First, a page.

With the exception of last week, I’ve been following the program pretty closely. The one area where I’ve been lax, though, is alcohol consumption. So, I’m putting my foot down: No more alcohol for me until I’m finished with the cut. I have a feeling that I will see results even faster if I give up my glass (or five) of red wine for the next few weeks.

Dodging the bullet

So my boss was kind enough to let me know early yesterday that my job is safe. For now, anyway. An editor who’s been with the paper for more than 20 years took the buyout to concentrate on her academic pursuits. She plans to move to England at some point in the next couple of years, so it works out for everyone.

I’m certainly relieved that I don’t have to worry about work for a little while, but I definitely feel less safe at this job than I did before all of this happened. It’s always going to be in the back of my mind that I could still eventually be on the chopping block. What happens next quarter? Will I have to go through this again? Will things ever get better and stabilize? I guess I won’t know until the time comes.

McClatchy announced Monday that wage freezes have been lifted, exactly one week after it announced layoffs/buyouts. I found that out before I knew the status of my job, and it makes me wonder what, exactly, is going on in the accounting department. I understand that management wants to boost morale for those who get to remain with the company, but we’re not idiots … it just looks like bad math to say, “Oh, we need to cut X positions. By the way, the rest of you will likely get a raise this year.” If anything, it probably contributes to layoff survivors’ guilt.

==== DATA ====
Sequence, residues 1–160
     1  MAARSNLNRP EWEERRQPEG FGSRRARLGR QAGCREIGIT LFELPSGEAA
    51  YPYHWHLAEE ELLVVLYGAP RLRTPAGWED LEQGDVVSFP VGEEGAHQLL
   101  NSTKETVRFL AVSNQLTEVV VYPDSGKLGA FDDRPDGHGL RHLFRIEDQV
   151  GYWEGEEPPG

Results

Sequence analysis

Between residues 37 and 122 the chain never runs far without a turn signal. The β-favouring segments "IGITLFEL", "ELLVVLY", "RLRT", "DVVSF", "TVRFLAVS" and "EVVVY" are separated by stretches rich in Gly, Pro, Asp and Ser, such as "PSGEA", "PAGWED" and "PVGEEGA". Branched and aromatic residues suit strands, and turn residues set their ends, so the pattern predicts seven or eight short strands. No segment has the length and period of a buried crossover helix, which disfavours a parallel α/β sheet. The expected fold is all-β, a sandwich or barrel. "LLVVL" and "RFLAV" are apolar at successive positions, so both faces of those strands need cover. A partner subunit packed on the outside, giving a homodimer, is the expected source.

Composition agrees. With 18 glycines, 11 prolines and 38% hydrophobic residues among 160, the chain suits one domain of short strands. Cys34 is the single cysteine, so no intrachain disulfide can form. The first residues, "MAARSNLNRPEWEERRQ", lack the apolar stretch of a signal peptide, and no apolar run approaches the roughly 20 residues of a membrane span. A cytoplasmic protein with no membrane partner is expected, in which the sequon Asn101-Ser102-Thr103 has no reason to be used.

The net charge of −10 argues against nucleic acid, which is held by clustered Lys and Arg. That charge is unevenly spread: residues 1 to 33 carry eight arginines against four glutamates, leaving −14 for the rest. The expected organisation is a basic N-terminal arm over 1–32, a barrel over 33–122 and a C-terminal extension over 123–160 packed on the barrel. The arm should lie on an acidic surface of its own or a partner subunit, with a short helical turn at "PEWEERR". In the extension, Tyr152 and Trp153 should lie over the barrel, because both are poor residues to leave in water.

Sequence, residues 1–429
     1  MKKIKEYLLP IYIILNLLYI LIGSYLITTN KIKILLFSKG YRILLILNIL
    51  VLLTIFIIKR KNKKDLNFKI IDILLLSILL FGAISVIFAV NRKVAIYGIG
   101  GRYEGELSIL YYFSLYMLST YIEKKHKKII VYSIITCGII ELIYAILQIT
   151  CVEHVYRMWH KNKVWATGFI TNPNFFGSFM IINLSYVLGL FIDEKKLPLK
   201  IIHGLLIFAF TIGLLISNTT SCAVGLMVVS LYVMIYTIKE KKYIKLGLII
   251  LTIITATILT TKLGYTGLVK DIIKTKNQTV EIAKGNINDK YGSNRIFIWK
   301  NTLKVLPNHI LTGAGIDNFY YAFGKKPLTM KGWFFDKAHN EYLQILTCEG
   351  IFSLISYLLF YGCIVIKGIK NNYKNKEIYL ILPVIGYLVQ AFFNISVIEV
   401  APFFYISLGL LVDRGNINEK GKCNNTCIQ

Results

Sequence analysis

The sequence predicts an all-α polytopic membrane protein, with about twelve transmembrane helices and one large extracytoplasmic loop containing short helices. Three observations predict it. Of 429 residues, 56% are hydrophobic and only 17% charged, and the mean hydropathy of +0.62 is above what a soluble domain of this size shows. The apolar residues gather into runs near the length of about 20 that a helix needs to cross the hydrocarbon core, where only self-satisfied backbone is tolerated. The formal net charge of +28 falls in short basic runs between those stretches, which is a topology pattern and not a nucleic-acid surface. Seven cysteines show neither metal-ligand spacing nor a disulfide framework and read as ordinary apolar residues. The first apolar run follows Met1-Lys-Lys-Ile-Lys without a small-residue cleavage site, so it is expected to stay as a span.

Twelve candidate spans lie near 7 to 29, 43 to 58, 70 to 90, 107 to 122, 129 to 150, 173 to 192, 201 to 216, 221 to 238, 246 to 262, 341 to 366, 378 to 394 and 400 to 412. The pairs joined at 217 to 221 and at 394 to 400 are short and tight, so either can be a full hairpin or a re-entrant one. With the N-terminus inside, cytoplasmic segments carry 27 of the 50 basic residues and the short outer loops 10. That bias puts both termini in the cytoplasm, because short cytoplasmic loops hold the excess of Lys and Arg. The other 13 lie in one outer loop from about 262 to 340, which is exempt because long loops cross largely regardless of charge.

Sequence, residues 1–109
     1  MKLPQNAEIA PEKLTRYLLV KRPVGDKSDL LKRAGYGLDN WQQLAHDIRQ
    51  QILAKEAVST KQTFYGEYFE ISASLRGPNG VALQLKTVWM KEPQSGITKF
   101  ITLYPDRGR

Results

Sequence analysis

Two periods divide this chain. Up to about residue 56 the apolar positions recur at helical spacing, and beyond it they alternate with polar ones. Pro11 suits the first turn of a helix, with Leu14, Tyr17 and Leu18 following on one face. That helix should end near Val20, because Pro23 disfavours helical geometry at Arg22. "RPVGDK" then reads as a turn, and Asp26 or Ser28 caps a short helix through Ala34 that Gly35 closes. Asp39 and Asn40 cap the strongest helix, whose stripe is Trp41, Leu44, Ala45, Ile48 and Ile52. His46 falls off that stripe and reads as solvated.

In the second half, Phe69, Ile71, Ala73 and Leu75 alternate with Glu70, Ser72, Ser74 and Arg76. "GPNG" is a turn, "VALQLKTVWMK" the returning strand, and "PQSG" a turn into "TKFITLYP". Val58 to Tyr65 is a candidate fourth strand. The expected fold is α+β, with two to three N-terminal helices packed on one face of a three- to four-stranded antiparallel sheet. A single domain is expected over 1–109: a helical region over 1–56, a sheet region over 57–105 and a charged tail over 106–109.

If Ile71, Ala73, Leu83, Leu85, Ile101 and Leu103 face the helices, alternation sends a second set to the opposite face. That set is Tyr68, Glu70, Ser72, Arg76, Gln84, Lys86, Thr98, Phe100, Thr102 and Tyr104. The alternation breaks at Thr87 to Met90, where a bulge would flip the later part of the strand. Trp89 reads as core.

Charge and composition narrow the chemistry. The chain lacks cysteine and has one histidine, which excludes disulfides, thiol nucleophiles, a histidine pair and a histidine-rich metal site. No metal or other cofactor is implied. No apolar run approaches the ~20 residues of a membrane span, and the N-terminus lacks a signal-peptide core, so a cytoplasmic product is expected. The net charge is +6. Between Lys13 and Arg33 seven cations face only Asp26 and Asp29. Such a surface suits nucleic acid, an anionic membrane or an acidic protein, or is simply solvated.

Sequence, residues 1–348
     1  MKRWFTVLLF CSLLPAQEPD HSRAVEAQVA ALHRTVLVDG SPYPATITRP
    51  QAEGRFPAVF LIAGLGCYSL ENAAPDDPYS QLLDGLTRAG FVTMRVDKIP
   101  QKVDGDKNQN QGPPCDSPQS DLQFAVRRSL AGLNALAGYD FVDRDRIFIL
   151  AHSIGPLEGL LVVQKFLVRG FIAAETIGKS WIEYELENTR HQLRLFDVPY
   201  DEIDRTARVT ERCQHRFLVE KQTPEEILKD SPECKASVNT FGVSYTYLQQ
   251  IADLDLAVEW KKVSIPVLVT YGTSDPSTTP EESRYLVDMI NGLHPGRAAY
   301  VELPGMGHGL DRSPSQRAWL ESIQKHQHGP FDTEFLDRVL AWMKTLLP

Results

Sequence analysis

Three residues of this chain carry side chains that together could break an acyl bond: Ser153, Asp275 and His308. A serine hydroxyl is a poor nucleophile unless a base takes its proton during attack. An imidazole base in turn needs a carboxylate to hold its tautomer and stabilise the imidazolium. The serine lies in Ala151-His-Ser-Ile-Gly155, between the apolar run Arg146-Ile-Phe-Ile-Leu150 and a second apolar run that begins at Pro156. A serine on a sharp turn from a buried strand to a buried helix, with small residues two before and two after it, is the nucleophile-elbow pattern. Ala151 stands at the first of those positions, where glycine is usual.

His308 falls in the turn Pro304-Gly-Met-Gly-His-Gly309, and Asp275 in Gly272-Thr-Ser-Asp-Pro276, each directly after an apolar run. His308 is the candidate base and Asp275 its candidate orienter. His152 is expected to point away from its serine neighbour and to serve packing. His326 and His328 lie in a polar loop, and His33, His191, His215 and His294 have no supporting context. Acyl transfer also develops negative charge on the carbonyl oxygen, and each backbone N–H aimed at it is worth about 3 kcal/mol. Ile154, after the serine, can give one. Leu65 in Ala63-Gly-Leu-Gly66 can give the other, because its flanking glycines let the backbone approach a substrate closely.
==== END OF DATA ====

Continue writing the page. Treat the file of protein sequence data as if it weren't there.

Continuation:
If nothing else, this experience pushed me to explore some opportunities that I had formerly talked myself out of. I now have a few freelance sources for additional income, and I’m still flirting with the idea of going back to school.

The paper is throwing it’s Christmas party tonight. Seems like questionable timing but, apparently, “these things can’t be helped.” Instead of 2% raises for everyone, maybe the company should just expand the booze budget for the party. Seems like it’d be more useful right about now.

Isn’t it ironic?

Oh, my dear Alanis Morissette, your words are ever-so-true. It is ironic. And annoying.

Last week, I got an early morning call from one my editors at the paper. Never a good sign when you work the night shift. He proceeds to inform my sleep-addled brain that the paper is offering voluntary buyouts in an effort to cut a certain number of positions.

I wake up a little.

Then he says that, although the buyouts are voluntary, at least one position in the newsroom must go and if nobody else takes the buyout, the position getting the axe will be mine.

OK, I’m up.

He gives me a bunch of information about how and why and when all of this is happening. Nothing that really matters much, because none of it will enable me to keep my job or make the fact that I will likely lose it any easier to deal with. The company didn’t make as much money as it hoped to, revenue is to volatile, nobody saw this coming, people will have one week to apply for the buyout, I’ll know what my fate is 12/09, blah blah blah.

Well, crap. If you read my previous post in September about landing this job, you’ll know how excited and relieved I was to to work for a paper again. You’ll also probably know that I was a little apprehensive about taking the job and that I left an incredibly secure and stable job elsewhere to work for the News-Democrat. Looks like I was right to be concerned.

I won’t know what’s happening for a couple of days, but I’m planning my life as if definitely don’t have a job. I’m looking at my options and trying to figure out what to do next. It seems like the only way to guarantee your personal security and well-being these days is to be your own boss. With that in mind, I’m pursuing some freelance opportunities and seriously considering going back to school for a career change.

All I know is that when you’re only 25 and have been laid off three times in two years, something out there isn’t quite right.

Rage-inducing heat